9:23am PT by Eriq Gardner
Judge Won't Halt Arbitration Between Two MLB Teams Over TV Money
Baltimore Orioles owner Peter Angelos now has done something this season that the team's first baseman Chris Davis has yet to do — get a hit. On Wednesday, the Orioles convinced a New York judge not to halt an arbitration with the Washington Nationals over payouts from MASN, a regional sports television network that televises the games of both clubs.
The Orioles have a majority ownership stake and complete management control over MASN, while the Nationals have only a minority stake. For years, MASN got to broadcast Nationals baseball games at a substantial discount. It was the price that the Nationals paid when the team moved from Montreal to the Beltway. In recent years, the two teams have been engaged in a legal war over TV money, and last year, the Orioles stopped making cash flow payments to its MASN partner.
The latest dispute was brought to MLB Commissioner Rob Manfred, but in late March, just days before this current season began, the Orioles commenced arbitration before the American Arbitration Association. The team claimed that the MLB held a financial interest in the Nationals thanks to a $25 million advance at a prior phase of the legal game. The Orioles essentially challenged MLB's neutrality.
On Monday, the Nationals went to New York Supreme Court and demanded a restraining order against allowing the arbitration to proceed. The Nationals argued that it hadn't agreed to arbitrate before the AAA and wanted the matter kicked back to the MLB for internal deliberation. The team also objected to the notion that MLB had any stake in its financial affairs.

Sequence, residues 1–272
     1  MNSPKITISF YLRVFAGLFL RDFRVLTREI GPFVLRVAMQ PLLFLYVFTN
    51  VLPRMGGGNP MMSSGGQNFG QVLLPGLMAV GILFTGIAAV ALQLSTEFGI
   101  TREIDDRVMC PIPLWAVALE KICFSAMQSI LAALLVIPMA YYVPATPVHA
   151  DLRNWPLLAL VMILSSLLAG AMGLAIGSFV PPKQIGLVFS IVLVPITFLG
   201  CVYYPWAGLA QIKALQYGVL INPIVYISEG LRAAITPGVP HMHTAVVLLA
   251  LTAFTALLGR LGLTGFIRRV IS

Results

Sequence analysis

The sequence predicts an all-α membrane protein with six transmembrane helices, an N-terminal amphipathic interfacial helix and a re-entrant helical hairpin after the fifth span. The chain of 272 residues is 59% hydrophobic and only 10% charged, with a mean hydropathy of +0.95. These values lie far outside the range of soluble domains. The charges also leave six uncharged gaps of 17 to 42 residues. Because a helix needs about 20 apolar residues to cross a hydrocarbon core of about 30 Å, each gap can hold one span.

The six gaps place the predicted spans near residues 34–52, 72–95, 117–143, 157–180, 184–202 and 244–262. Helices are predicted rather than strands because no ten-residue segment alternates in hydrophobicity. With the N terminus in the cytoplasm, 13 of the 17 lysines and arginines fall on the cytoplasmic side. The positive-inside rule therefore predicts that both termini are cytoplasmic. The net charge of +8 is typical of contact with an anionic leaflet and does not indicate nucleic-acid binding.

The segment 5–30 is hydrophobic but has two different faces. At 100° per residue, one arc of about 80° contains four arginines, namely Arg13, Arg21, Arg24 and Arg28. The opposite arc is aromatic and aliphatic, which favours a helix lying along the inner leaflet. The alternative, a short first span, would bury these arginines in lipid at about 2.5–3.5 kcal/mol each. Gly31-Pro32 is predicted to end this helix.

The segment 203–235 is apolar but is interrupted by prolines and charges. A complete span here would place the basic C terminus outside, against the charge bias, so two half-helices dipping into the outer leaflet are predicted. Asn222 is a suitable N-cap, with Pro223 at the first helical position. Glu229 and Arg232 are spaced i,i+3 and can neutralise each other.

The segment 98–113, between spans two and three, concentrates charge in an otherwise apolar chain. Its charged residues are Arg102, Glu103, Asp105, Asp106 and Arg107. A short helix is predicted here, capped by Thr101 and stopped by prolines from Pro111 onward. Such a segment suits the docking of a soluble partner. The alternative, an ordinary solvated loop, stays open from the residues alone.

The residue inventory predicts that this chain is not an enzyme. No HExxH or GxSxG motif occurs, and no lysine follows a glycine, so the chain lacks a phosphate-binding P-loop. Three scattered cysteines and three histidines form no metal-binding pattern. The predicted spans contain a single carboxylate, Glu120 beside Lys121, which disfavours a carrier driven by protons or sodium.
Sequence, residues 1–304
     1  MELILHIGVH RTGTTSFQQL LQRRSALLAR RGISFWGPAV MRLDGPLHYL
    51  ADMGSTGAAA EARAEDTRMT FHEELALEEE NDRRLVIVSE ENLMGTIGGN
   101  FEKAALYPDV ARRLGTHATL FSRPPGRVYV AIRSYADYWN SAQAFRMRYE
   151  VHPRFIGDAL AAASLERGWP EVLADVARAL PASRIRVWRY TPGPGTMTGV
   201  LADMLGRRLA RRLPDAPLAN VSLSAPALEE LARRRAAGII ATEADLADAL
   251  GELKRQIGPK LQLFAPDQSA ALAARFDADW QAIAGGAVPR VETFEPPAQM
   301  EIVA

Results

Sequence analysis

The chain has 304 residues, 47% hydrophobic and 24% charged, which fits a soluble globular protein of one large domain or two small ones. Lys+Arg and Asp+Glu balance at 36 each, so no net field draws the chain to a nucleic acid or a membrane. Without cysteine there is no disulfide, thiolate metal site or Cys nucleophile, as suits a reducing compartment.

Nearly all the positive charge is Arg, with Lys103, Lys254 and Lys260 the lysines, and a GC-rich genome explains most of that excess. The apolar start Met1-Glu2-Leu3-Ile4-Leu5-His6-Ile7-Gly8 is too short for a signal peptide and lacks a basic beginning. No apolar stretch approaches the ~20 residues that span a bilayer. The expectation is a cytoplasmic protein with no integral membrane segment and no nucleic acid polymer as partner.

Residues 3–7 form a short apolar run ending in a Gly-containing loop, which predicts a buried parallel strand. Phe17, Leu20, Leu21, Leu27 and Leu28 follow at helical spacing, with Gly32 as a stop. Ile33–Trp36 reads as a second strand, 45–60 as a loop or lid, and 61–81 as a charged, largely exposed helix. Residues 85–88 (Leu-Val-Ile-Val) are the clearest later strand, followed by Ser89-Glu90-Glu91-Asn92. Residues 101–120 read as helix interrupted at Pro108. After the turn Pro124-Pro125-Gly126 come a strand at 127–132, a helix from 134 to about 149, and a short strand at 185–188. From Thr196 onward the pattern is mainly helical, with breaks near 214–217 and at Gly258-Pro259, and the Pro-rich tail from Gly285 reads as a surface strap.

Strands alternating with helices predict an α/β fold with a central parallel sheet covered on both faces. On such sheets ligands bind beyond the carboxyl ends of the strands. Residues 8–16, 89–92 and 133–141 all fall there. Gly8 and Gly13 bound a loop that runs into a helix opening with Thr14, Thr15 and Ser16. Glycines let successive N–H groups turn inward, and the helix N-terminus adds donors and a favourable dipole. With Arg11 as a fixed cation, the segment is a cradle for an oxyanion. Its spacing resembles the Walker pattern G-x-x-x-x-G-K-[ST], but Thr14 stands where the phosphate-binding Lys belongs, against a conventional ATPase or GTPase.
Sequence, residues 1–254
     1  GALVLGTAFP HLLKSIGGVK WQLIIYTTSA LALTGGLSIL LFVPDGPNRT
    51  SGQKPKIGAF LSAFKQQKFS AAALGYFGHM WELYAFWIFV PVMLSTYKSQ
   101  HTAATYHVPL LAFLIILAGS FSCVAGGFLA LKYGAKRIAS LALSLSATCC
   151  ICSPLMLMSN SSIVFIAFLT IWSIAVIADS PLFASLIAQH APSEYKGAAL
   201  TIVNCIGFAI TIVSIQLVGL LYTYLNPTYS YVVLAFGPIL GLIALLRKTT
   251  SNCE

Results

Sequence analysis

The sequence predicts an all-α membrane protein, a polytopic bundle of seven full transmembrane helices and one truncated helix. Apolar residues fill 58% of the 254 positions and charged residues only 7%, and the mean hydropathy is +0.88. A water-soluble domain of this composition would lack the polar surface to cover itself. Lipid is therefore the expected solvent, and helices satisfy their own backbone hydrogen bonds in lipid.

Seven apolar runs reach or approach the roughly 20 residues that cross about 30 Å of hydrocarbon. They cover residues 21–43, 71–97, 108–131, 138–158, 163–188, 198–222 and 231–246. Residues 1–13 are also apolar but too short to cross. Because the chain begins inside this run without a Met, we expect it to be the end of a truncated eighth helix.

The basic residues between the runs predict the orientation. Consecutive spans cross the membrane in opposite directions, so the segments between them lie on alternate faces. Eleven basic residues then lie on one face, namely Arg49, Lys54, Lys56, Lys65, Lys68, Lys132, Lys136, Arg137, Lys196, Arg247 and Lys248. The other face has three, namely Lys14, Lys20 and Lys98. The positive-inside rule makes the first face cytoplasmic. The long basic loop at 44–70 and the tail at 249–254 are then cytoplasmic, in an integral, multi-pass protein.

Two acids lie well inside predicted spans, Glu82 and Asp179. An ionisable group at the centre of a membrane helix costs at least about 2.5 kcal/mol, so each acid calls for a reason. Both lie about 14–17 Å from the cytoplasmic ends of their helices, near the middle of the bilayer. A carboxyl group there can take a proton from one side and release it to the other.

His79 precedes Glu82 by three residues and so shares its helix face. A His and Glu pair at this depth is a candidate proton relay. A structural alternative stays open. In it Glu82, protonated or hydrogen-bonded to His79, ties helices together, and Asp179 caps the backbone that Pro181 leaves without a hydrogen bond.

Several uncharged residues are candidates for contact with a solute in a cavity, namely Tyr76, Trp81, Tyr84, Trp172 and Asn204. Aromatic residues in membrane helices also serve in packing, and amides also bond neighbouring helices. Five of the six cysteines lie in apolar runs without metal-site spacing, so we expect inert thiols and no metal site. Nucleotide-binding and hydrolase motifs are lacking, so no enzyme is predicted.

New York judge Barry Ostrager now says the gateway decision about arbitrability belongs at AAA. He points to the partnership agreement governing MASN that provides that disputes will be arbitrated before the Commissioner provided the MLB does not have an ownership or financial interest in any of the parties. In such event, the contract states that disputes shall be resolved by AAA.
Ostrager says that AAA is thus empowered to determine its jurisdiction over the dispute.
"This result makes eminent sense as it would be illogical to allow MLB — a potentially conflicted party — to determine whether MLB itself had a financial interest in one of the parties to the dispute at the relevant time," writes Ostrager in a short ruling.
Jonathan Schiller at Boies Schiller Flexner, who represents the Orioles and MASN, says he is "grateful" for a decision "dispatching the Nationals’ efforts to take away [the Orioles'] right to an independent AAA tribunal to resolve the parties’ current dispute."